10. Debrief once the dust settles. After you’ve reviewed the proposals, made funding decisions, issued the grant, and disseminated your press release, take some time to reflect on the process. What could have gone better? What worked well? What would you do differently? Ideally, ask for perspectives from applicants who were declined as well as the grantees that you funded. Make sure you document what you learn and share it with your colleagues at your foundation. And don’t forget to refer to it the next time you develop an RFP, to make sure that you’ve retained the lessons you’ve learned throughout this process.

Using even a few of these tips will benefit your grantmaking program, but obviously all of them work together and build on one another. As you begin to apply these ideas to your RFP process, they will become a seamless part of your grantmaking and ultimately make a profound impact. My best clients leverage all ten of these points to ensure that their RFPs create the most successful grantmaking programs for their foundations.

©2014 Kris Putnam-Walkerly. All rights reserved. Permission granted to excerpt or reprint with attribution. Kris Putnam-Walkerly, MSW, is president of Putnam Consulting Group, Inc., a national philanthropy consulting firm. She is also the author of the Philanthropy411blog. She can be reached at 800-598-2102 or kris@putnam-consulting.com. Her website is http:// putnam-consulting.com.


Giving with Purpose: Learning by Giving

May 13, 2014

This  week marked the end of the Giving with Purpose MOOC, presented by the Learning by Giving Foundation and Northeastern University.

The course instructor, Rebecca Riccio left participants with the overarching tool that guided the course: the RISE Model, which can be a framework for any philanthropist, whether an individual making a small donation, or a world class foundation.

Thank to you the Learning by Giving Foundation, and Northeastern University for making available this great resource!

 

RISE CHECKLIST

“Relevance is about connectedness and meaning.

  • Does the organization clearly articulate and understand the need to which it is responding?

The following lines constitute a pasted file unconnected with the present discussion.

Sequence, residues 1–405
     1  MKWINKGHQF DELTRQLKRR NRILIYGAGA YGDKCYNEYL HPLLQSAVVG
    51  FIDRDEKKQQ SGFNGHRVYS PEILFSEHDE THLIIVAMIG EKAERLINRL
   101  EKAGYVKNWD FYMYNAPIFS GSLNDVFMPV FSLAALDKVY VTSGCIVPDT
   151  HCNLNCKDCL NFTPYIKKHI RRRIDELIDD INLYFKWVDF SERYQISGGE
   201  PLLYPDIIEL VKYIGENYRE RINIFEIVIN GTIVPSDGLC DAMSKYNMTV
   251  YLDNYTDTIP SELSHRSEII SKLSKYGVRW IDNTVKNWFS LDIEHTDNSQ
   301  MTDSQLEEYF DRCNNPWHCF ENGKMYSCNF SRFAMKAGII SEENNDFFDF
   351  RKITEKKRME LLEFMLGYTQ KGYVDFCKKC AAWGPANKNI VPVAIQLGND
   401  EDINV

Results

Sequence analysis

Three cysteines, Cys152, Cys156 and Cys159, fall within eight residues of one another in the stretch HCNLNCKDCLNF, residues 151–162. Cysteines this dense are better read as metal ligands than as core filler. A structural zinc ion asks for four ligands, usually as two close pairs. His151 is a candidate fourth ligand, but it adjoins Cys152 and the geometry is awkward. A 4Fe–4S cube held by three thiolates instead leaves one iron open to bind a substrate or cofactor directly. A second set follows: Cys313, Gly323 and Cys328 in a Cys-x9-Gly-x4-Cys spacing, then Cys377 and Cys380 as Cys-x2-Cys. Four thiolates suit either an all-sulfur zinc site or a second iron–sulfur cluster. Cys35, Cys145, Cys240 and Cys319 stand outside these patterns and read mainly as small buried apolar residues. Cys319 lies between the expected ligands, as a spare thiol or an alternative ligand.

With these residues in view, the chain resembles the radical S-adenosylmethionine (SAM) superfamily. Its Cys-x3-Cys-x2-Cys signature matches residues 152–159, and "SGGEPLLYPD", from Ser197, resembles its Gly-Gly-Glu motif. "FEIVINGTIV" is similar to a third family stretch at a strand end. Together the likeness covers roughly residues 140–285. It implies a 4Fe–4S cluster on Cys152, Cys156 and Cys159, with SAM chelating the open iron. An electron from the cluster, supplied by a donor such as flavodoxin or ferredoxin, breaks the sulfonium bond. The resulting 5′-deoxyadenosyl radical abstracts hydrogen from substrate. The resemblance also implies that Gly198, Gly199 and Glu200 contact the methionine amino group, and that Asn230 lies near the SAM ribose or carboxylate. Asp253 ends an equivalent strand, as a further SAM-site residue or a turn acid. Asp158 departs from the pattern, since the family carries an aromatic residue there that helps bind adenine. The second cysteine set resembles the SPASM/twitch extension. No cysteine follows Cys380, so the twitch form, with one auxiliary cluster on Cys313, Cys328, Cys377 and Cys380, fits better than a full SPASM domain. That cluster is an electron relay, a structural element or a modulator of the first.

• Does it know “what works” in response to this need?
  • Is it connected to the community or individuals it serves?
  • Does its work have meaning to me?

Impact is about making a difference.

  • Does the organization clearly explain how it is making a difference?
  • Is its program design logical?
  • Does the organization hold itself accountable for results?
  • Is supporting this organization the best way for me to make a difference with my resources?

Sustainability is about using money wisely.

  • Is the organization’s business model clearly defined?
  • Do its revenue sources seem reliable now, and into the future?
  • Does it provide evidence of managing its money effectively?
  • Does supporting this organization fit into my giving plan?

 

Excellence in Management and Operations is about having the capacity to do the work well.

  • Is the organization recognized as a 501(c)(3) tax-exempt charity?
  • Are key staff, including the executive director, and the board of directors well qualified?
  • Are the organization’s marketing and communication materials informative and professional?
  • Have I done my due diligence and assessed this organization using the RISE Framework?”

 


Giving with Purpose: Effective Management and Operations

May 1, 2014

The fifth class of the Giving with Purpose course focuses on effective management and operations, and throughout the course module, instructor Rebecca Riccio offers a few tips to funders who are evaluating prospective grantees:

1. IRS Status: Confirm that the organization is registered under Section 501(c)(3)by using one of the following websites, and check to make sure the nonprofit adheres to “best practices include having independently audited financial statements, a whistleblower policy for managing employee complaints, a conflict of interest policy, a policy for saving and destroying documents, and several policies regarding executive compensation and the board of directors.

2. Facilities: “If an organization maintains public facilities, say a community or recreational center, take a look around. The space doesn’t have to be modern or fancy, but it should be clean, inviting, and safe. It should reflect the organization’s pride and professionalism in the way it’s maintained.”

3. Website: “Take a look at the organization’s website and social media to see how it approaches marketing and communications… look for signs that the organization communicates clearly, consistently, and professionally and conveys all the information that an informed funder should look for: the need it addresses, whom it serves, the benefit it provides, how it defines success, what it does to achieve it, and how it holds itself accountable.”